Information on the Wharton Tea and Opera
Sentinel for Jan. 22, 2004
Opera Creators Preview New Work at High Tea
By Elinor Reiss
|Composer Myron Fink and librettist Don Moreland gave opera buffs and book lovers a peek at their new opera, _Edith Wharton_ at a Victorian High Tea Dec. 29 at the Horton Grand Hotel. The two, assisted by soprano Patricia McAfee and tenor Richard Geiler of the San Diego Opera, kept the audience spellbound as they unfurled the life of America’s pre-eminent woman of letters. Fink explained the opera-writing process, Moreland read from the libretto, and McAfee as Edith Wharton and Geiler as her lover, Morton Fullerton, made for a thrilling look at the creative process.|
The team of Fink and Moreland has spanned four decades and five operas since they met at the University of Illinois as students Both Chicago natives, Fink, a resident of Scripps Ranch, moved to San Diego in 1991. After the 1997 premiere of _The Conquistador_ at the San Diego Opera, Moreland also relocated to San Diego and now lives in Rancho Bernardo.
Fink was responsible for introducing the Conquistador to Moreland, but Moreland brought Edith Wharton into their lives. While working on _El Conquistador_, he was reading through Wharton’s novels with an eye toward the next project, but it was the author herself who ended up capturing his imagination. “You have to read this woman’s life!” he told his writing partner. Fink, equally moved and fascinated, agreed she was the stuff of grand opera. Work on the new opera began immediately.
“You know what they say,” Moreland told the rapt listeners. “Your favorite piece is the one you’re going to work on next.”
Fink said he tells those who ask about creating an opera, “the words come first… then comes the composition of music.” Fink credits the librettist with the more difficult job.
“The job of librettist is to go off into the jungle and cut away the vines. By the time the composer comes along, it’s like a superhighway!”
The two men gave an impassioned description of the world of Edith Wharton but invited the audience to ”jump in any time to correct our mistakes.” Several members of the Edith Wharton Society, in San Diego for the national Modern Language Association conference, had eagerly accepted an invitation to this special event. Also in attendance were people who developed an interest in Edith Wharton after visiting her estate in Lenox, Massachusetts.
The opera begins with Wharton’s life unfolding as in a dream, emerging from memories and her subconscious, as she looks through a scrapbook filled with faces, places, covers, of her books, press clippings, and other reminders of the past.
The audience sees a woman born into a privileged American family in 1862, eventually taking her place within the highest social and literary circles in New York, Boston, Washington, D.C., London, and Paris. But the great woman, friend to the most famous personages of her time, started her life differently. As a child she was subjected to the rejection and criticism of her mother and constant taunting of her brothers. She entered into a loveless marriage that was never consummated over 21 years. When Morton Fullerton came into her life, though she suspected this would not be a happy match, she was ripe for the relationship.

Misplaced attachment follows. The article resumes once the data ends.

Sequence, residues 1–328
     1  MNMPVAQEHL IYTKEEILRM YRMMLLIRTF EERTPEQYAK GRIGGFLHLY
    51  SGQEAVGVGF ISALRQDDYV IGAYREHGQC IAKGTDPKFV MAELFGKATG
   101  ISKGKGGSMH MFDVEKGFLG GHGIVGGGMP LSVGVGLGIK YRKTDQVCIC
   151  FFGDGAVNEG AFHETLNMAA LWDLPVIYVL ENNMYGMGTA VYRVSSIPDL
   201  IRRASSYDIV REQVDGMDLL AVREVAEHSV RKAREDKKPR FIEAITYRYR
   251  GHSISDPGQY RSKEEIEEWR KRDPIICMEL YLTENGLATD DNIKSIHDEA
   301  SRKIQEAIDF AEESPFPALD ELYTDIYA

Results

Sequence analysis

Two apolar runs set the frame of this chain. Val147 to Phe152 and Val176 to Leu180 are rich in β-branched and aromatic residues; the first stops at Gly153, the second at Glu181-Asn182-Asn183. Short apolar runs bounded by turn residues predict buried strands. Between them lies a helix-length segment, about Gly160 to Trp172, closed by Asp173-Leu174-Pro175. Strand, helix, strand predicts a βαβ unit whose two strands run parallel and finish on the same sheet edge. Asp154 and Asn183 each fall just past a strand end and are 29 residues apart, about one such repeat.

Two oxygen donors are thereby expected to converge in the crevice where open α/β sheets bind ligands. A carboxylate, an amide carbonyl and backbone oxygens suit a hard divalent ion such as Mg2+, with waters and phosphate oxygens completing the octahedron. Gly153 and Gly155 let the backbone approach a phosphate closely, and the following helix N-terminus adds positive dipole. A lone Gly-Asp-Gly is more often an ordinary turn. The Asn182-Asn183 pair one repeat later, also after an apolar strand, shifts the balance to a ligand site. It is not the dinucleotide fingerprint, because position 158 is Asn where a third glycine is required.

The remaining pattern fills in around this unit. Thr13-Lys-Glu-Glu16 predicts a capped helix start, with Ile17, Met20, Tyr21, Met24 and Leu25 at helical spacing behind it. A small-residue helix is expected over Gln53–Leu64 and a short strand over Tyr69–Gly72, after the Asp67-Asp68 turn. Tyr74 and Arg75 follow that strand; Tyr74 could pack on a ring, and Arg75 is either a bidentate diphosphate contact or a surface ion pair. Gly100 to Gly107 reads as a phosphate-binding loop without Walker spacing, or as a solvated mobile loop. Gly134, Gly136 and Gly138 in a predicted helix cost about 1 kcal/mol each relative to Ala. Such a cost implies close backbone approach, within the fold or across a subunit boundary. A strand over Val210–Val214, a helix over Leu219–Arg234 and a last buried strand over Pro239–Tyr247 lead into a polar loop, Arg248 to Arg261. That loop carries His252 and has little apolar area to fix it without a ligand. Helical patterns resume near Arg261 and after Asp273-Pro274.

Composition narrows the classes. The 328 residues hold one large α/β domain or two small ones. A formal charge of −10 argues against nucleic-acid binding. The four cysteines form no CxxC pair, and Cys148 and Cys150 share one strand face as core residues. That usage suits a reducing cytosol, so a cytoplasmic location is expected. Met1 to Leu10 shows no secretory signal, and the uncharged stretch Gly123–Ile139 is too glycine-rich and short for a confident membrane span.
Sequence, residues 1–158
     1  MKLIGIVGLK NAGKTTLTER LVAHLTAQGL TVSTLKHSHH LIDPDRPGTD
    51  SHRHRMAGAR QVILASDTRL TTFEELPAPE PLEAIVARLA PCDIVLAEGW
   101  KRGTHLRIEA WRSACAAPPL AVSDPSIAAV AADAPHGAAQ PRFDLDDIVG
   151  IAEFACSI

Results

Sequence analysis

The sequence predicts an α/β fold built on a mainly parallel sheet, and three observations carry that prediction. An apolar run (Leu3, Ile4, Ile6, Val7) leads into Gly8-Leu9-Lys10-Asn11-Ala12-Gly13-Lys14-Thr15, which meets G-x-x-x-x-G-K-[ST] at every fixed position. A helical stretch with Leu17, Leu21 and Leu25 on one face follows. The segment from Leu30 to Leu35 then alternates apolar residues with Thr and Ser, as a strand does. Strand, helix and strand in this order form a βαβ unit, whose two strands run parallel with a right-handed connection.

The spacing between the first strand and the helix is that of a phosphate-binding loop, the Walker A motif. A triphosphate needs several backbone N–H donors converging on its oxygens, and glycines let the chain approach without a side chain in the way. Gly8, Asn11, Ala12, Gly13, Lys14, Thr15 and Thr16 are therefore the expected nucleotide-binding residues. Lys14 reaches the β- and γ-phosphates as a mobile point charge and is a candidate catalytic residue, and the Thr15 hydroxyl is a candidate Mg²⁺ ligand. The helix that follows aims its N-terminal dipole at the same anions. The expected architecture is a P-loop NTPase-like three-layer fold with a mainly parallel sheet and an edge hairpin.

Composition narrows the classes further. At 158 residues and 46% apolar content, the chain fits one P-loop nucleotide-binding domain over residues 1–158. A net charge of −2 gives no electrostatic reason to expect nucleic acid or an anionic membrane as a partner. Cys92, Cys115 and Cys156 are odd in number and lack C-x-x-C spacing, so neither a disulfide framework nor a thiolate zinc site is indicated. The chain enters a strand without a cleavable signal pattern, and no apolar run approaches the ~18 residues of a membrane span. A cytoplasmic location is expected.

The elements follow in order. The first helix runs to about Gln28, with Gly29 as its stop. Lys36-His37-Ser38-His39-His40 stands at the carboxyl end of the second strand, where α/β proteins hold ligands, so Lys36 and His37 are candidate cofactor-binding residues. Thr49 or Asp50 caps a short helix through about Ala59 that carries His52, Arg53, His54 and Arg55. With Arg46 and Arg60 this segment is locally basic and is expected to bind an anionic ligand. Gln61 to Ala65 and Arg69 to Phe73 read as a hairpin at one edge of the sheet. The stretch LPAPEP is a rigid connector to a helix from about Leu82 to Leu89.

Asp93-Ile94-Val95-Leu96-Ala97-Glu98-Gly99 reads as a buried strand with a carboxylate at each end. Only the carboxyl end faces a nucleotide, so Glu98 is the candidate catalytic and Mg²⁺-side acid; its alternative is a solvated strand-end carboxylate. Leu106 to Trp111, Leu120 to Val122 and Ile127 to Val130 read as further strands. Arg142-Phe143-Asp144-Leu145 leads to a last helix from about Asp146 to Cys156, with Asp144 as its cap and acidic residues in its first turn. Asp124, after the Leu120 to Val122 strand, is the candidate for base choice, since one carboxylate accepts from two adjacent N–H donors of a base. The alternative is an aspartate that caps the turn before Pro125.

Morton sings: “I was a man who knew how to please women, I knew how to wait, what to say, what not to say… I knew how to make a woman want me until she could bear it no longer. And, unable to resist herself, Would give herself to me.”
The lovestruck Edith reveals: “We fulfilled each other. Oh, those days, those hours. My heart dissolved. When he entered a room flames rippled over me. Every drop of blood whispered: ‘He’s mine, he’s mine!’… His indifference in the end, his cruel silences, My jealousy, my fury to be so abandoned, Ad not just for other women! I could not bear it. Still…I forgave him… for he had unlocked my heart.”
An internationally recognized woman of letters, praised for landmark books on interior decoration and architecture as well as her novels, Wharton received a Pulitzer Prize for _The Age of Innocence_. Many of her books have been made into motion pictures. Characters from three, _Age of Innocence_, _Ethan Frome_, and _House of Mirth_, help tell her story in the opera. The opera ends on a note of triumph as Wharton rises above her fear and despair and begins her final novel, _The Buccaneers_.
The Victorian High Tea, an elegant afternoon of tea, sherry, dainty sandwiches, and fancy pastries, was a high point of the holiday season for those attending, reminiscent of a drawing room scene that might have come from the pages of an Edith Wharton novel.
Other operas by Fink and Moreland include a recent opera for children, _Animalopera_, _Judith and Holofernes__Chinchilla_, and _The Boor_.